With so many trendy investment opportunities available in today’s day and age, it’s easy to be skeptical of new products that boast promises of “saving you tons of money.” Solar panels are no different – saving money by reducing your electric bill is one of the main appeals and selling points for solar as a product and home upgrade. The simple answer to the question “do you Save money by going solar?” is yes. That being said, how much you’ll save depends on a number of factors. Direct hours of daily sunlight and the size and angle of your roof are both important, but local electricity rates play the biggest role in determining how much solar system can save you.
When you install solar panels on your roof, you are essentially turning your home into its own mini power plant. You generate renewable energy, reducing or eliminating your electricity costs altogether by going solar
Save money by going solar are depends on two simple factors:
The price you currently pay to buy electricity from the grid
The price you’ll pay to generate your own electricity with solar
Generally, the rule of thumb is if your electricity costs are higher than your solar costs, you’re going to see savings by switching to solar.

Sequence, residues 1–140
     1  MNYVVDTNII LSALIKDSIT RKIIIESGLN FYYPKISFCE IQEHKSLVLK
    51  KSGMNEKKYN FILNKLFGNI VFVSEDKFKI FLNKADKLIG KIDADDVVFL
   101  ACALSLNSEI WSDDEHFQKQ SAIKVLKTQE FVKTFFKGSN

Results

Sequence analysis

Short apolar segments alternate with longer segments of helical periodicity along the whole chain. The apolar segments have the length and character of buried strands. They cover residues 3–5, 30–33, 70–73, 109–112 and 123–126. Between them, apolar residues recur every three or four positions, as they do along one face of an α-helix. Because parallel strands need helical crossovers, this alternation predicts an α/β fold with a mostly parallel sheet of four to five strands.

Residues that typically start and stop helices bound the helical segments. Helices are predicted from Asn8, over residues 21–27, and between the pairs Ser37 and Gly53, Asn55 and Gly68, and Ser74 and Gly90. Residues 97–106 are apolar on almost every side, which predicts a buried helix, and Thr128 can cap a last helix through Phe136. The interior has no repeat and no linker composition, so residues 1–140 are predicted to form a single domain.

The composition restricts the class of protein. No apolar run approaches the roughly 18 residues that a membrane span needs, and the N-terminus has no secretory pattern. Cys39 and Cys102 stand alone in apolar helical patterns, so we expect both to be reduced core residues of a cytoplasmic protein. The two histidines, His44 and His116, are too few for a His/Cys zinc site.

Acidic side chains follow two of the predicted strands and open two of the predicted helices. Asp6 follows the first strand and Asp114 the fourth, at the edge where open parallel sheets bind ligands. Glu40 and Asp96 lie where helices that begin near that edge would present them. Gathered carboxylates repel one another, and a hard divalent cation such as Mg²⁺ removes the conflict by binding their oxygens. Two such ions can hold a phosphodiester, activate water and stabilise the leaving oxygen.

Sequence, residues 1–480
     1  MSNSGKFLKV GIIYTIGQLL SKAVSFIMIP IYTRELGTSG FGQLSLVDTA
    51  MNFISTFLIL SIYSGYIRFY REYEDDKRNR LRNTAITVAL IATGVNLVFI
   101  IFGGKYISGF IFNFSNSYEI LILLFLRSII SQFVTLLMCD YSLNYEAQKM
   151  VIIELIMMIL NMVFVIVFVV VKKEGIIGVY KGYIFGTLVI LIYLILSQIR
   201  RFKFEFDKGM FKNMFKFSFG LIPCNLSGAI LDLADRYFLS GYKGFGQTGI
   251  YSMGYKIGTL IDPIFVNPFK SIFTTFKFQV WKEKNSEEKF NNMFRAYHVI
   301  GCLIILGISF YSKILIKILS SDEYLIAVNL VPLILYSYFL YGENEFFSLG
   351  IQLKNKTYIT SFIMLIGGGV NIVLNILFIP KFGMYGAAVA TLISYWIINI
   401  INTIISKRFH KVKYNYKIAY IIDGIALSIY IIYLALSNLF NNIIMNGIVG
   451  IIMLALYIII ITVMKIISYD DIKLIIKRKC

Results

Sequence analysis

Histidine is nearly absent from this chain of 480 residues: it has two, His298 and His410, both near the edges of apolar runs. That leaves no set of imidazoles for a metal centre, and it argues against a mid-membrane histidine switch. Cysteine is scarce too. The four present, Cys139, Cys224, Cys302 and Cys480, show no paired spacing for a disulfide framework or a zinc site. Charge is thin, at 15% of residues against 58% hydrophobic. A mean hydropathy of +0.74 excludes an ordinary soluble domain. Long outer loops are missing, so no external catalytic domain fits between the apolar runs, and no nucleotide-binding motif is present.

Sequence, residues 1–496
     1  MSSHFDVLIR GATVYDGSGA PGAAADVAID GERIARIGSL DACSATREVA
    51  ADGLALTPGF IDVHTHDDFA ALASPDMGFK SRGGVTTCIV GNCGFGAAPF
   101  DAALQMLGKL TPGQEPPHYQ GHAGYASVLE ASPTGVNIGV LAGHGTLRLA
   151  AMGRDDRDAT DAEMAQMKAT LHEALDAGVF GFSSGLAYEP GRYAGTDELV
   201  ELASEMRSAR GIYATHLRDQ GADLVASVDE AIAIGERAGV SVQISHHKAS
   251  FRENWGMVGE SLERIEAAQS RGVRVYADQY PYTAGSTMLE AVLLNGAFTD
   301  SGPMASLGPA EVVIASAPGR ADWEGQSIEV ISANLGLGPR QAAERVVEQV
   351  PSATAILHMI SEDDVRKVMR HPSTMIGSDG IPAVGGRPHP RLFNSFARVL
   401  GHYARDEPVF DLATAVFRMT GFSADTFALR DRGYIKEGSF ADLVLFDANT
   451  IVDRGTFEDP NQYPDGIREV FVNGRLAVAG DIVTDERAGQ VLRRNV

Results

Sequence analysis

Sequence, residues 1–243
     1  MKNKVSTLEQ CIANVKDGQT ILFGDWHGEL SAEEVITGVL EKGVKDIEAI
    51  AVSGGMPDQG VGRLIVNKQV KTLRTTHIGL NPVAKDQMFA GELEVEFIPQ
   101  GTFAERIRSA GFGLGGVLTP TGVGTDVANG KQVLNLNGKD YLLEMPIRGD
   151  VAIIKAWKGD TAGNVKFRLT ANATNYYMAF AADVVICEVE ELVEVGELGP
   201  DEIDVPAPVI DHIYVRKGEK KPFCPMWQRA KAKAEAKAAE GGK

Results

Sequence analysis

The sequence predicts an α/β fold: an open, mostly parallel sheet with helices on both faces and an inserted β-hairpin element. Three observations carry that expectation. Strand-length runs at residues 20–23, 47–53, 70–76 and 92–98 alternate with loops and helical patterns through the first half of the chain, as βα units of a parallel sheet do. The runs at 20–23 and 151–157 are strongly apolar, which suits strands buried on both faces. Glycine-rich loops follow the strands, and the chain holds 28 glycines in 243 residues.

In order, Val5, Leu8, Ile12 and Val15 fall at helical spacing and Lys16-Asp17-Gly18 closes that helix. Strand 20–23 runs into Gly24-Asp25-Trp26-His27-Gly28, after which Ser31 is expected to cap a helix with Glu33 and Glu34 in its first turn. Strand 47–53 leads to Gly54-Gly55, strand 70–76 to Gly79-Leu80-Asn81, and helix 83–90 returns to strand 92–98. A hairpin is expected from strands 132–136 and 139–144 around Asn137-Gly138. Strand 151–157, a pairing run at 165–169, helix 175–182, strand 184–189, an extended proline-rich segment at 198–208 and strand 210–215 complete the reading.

Regardless of going solar or not, you will continue to make an electricity payment every single month for as long as you require electricity – or until your solar purchased solar system is paid off. In turn, utility companies will continue to raise their rates year after year, and your costs will continue to increase. The grid will continue to fluctuate and electricity costs will peak at unexpected moments over the course of a year.
With solar, you avoid these issues by taking control of your costs. Instead you’ll pay a fixed monthly loan payment with an end date and eliminate your electricity bill completely! Once your loan payment is over, you’ll be generating your own renewable energy for free. Wouldn’t you rather put your money towards paying off an investment that’s adding value to your house at the same time as reducing or eliminatingyour electric bill and netting you savings right away? no brainer, right?
Of course, there are other factors included in the equation of how much you’ll be able to Save money by going solar such as your roof’s sun exposure and structural limitations, how much energy you use, and your zip code.
And the best reason to Save money by going solar is that The homeowners will get 30% tax credit, many of whom still view solar as beyond their financial reach or as a resource still unproven. Costs for home solar systems continue to plummet. Since the solar and wind Investment Tax Credit (ITC) was implemented in 2006, the cost of installing solar has dropped by more than 73 percent, according to the Solar Energy Industries Association. And the 30 percent tax credit for solar under the ITC, set to expire at the end of 2015, has been extended by Congress for an additional three years, followed by a two-year ramp-down period.